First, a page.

Zillow is bullish on the housing market—but there's a catch
Experts think surging mortgage rates and a slowing economy won’t rein in record home prices.
A new report from real-estate marketplace Zillow predicts home values will rise 6.5% from July 2023 through July 2024—and most of the gains will occur before the end of this year.
The report comes on the heels of Zillow’s recent prediction that home values would appreciate by 5.5% by the end of 2023. The revision signals a strengthening of home prices while inventory remains low.
“Housing prices will keep edging up through next summer and most likely beyond that,” said Suzanne Miller, CEO of Empire State Properties. “Prices can go down, but it could take years to reverse course.”
Zillow’s prediction of a 6.5% rise in home prices could still be lower than in some of the nation’s hottest real estate markets—where the company predicts 7% or greater increases over the next 12 months.
Of the nation’s 400 largest housing markets, Zillow is expecting a 7% increase in 120 markets. They spread across the country and include cities like Santa Maria, CA, Tampa, FL, Indianapolis, IN, and Scranton, PA.
Home sales on the decline
All this comes as existing home sales continue to fall.
According to the National Association of Realtors, existing home sales fell 2.2% in July and were down 16.6% from one year ago. That would typically hint at a housing recession, but this isn’t a typical housing market.
Experts continue to warn buyers that the prices will remain elevated until there’s more housing inventory,
“For people who are on the sidelines, there’s nothing in the data yet that suggests home prices are falling further,” said Mike Simonsen, president of Altos Research.
Economists have warned of a looming recession in real estate as rates increase and the market remains volatile. But now those fears are subsiding as demand remains at peak levels.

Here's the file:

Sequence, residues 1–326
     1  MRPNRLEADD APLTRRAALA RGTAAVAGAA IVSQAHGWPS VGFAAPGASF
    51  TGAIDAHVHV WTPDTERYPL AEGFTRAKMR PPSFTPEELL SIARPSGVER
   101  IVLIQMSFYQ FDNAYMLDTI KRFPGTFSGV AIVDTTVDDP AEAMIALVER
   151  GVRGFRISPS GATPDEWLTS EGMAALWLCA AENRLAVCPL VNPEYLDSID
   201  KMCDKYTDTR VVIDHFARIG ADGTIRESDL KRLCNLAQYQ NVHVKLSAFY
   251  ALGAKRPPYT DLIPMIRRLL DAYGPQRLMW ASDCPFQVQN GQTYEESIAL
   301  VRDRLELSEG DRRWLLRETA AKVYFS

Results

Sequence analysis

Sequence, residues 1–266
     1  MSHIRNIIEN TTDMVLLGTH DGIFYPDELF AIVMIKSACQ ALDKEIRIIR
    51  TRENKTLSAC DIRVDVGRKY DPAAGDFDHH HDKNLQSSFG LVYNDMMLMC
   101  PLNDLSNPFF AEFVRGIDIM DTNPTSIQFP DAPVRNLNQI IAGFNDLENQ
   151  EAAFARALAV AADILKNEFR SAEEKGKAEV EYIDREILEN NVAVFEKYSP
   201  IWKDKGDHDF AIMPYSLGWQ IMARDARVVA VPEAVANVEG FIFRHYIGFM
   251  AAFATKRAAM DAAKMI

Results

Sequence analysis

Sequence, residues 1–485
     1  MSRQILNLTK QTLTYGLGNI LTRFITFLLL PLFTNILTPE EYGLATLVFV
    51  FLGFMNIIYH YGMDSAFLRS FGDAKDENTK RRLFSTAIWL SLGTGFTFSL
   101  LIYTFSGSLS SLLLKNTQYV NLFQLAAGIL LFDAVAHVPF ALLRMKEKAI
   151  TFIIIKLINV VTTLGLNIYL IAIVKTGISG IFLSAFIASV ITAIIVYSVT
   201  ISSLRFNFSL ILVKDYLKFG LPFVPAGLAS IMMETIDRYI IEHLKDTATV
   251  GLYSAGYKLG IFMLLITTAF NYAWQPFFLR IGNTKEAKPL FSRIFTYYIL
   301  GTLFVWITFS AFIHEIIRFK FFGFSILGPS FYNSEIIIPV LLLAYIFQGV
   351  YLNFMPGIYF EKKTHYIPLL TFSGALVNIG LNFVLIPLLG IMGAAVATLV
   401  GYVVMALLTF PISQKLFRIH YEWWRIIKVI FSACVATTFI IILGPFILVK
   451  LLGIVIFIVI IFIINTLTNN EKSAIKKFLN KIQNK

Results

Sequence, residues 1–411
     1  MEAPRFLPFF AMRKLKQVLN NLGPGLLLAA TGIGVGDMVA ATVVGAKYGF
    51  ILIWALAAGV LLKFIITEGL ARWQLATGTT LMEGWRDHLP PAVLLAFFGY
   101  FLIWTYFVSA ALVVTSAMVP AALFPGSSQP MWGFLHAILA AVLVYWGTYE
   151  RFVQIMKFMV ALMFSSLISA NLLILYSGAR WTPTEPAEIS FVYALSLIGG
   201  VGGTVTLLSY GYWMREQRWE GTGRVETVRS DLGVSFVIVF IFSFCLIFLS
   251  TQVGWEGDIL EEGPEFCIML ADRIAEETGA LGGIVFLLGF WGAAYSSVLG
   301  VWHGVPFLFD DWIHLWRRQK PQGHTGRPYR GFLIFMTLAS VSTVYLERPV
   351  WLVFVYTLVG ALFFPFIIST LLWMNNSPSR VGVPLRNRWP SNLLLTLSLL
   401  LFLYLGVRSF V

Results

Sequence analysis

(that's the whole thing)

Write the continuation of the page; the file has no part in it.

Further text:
“At least in terms of prices, it looks like the housing recession is already over,” said Lawrence Yun, chief economist at the National Association of Realtors.
A seller’s market
The Fed's policy continues to push mortgage rates higher in an effort to stabilize the housing market. Today's rates hover near 8%—a stark contrast to sub-3% at the start of 2022.
That leap has put the housing market in a strange equilibrium.
In a rising rate environment, buyers have been reluctant to sell their houses and take on a higher mortgage rate.
“Many existing homeowners find it difficult to give up a mortgage under 4% to trade for one over 6%,” said Len Kiefer, deputy chief economist at Freddie Mac.
This has caused a drastic reduction in the number of houses for sale. Zillow saw a 2.4% month-over-month increase in new home listings in July. But compared to last year’s levels, listings are down 28%.
“Limited for-sale inventory continues to push home prices upward even as mortgage rates remain elevated,” Zillow’s economists wrote.
When inventories are this low, any homes that are on the market are bid up fiercely by buyers. According to Zillow, homes sold at a much faster rate in July than before Covid.
New home construction isn’t coming to the rescue, either. A shortage of materials and labor has pushed single-family housing starts to their lowest levels in two years.
Strangely, housing remains a seller’s market despite mortgage rates being at 22-year highs.